In addition, Avedal says, Volvo trucks are equipped with several other ADAS features, such as adaptive cruise control (ACC), which automatically adjusts the vehicle’s speed to maintain a safe distance between it and vehicles and other obstacles in front of it; lane change support (LCS), which helps the driver when changing lanes toward the passenger side; and driver alert support (DAS), which alerts the driver when he is getting drowsy or nodding off.

The next step for Volvo is a technology that enables vehicles to communicate and exchange information with other vehicles (V2V) and with the infrastructure (V2I), known as Cooperative Intelligent Transportation Systems, or C-ITS. “One example of this is to provide earlier warnings to the driver of traffic conditions ahead, such as reduced visibility, slippery road, accidents or other obstacles,” Avedal says.

In addition to OEMs, manufacturers of ADAS such as Delphi are working to perfect the technology while offering aftermarket products to help fleets meet the new EU regulation. Delphi, for example, offers – among other ADAS products – a radar sensor that detects moving and stationary objects at both mid- and long-range distances.

Not a question of if, but when
Avedal, Owen and Callenryd all agree that it is not a question of if, but of when autonomous truck trains become a reality, and all three say that the benefits are potentially very significant. “We believe that a step-by-step introduction of more autonomous functions will improve traffic safety, reduce congestions and fuel consumption,” Avedal says.

“If you have a convoy of trucks with just one person in the lead truck and ten driverless vehicles behind it, you have significant cost savings,” Owen says. “First of all, you save on fuel. Trials have shown that these convoys can save up to 15 per cent on fuel, in the same way bicycle racers save energy by riding in a single file, to reduce wind resistance.”

There would be savings because there are far fewer drivers to pay. And traffic safety would also improve.

“Human beings are lousy drivers,” Callenryd says. “How many people died on European roads last year, 40,000?  If we allowed a system to kill 40,000 people a year, then we could probably implement a fully autonomous system today. But we don’t allow machines to be as inefficient as humans.”

“Some 90 per cent of accidents are caused by drivers,” Owen says. “That’s a very big target to hit.”

Technical and legal obstacles
Obviously, many challenges remain to be met, most of them technical.

“The quality of real-time traffic information needs to be improved,” Callenryd says. But he adds that there have been “great improvements” in the technology over the past five years, and he expects that process to accelerate. Owen underlines the current high cost of radar sensors that are used to detect traffic and other obstacles. “But I expect a significant drop in the price of radar sensors,” he says. “They will eventually be mass market, not niche.”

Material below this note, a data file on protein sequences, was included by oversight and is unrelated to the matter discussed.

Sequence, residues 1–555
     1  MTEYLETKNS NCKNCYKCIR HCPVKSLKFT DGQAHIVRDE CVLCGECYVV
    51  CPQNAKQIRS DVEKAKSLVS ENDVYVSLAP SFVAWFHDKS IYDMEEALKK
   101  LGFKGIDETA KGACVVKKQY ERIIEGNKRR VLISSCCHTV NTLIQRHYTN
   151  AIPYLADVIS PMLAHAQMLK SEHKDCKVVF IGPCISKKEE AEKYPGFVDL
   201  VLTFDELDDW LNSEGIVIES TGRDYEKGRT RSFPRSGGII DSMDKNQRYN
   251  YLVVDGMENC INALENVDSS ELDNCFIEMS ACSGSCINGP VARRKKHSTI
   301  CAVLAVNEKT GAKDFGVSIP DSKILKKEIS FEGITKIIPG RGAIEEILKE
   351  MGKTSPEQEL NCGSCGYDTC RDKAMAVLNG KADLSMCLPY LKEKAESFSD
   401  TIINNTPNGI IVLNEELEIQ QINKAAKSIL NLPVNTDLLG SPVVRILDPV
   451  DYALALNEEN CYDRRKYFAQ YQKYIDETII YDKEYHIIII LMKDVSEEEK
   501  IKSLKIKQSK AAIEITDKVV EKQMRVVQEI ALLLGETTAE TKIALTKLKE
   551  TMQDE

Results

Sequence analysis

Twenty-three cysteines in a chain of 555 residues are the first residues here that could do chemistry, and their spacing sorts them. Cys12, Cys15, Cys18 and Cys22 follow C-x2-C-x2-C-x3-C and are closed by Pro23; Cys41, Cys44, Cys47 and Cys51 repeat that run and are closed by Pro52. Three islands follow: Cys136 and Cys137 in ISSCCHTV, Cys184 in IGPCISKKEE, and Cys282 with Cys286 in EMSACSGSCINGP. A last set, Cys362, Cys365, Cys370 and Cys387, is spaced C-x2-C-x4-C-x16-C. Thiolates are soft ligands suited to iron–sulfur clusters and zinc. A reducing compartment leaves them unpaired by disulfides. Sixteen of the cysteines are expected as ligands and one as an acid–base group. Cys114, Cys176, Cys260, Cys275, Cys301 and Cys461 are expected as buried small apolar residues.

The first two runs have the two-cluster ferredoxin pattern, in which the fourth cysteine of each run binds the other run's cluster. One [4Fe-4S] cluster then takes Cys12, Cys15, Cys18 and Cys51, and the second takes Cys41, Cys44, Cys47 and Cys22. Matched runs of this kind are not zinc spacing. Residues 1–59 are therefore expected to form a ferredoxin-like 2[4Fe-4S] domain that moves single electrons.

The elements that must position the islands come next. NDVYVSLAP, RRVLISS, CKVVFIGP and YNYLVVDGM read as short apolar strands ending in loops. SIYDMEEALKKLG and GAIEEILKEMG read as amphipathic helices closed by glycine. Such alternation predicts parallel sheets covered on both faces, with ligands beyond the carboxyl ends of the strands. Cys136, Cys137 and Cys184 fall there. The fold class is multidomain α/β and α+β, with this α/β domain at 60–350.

However, legal obstacles may actually be more difficult to overcome. According to Callenryd, cross-border road traffic in Europe is regulated by the Vienna Convention, agreed in 1968. “In it, it is very clear that drivers should be in control of vehicles,” he says. “There are no legal policies for computer-driven vehicles. We need a new legal framework that resolves such questions as how we judge between state-of-the-art vehicles and ‘dumb’ cars.” The problem, Callenryd says, is one of liability. “If an autonomous car causes an accident, who is responsible? The car industry is not ready to take this responsibility.”

Owen agrees. “In case of an accident, the blame will probably shift more to the OEMs. OEMs will not release [autonomous] vehicles until they’re sure the liability is containable,” he says. He sees the introduction of what he calls semi-autonomous commercial vehicles – in which the driver can take over some functions – by about 2020. “Truck trains may be possible by the year 2025,” he says. “It’s a gradual process.”

ABOUT THE AUTHOR
Siegfried Mortkowitz was the Paris based English correspondent for the German Press Agency (DPA) for 10 years.

He was also the Prague correspondent for Newsweek and wrote for The Dallas Morning News. Through the years, Siegfried has contributed to multiple magazines including Graphis, Monuments and World Architecture.

This article was first published in Telematics Update. For further information, please visit www.analysis.telematicsupdate.com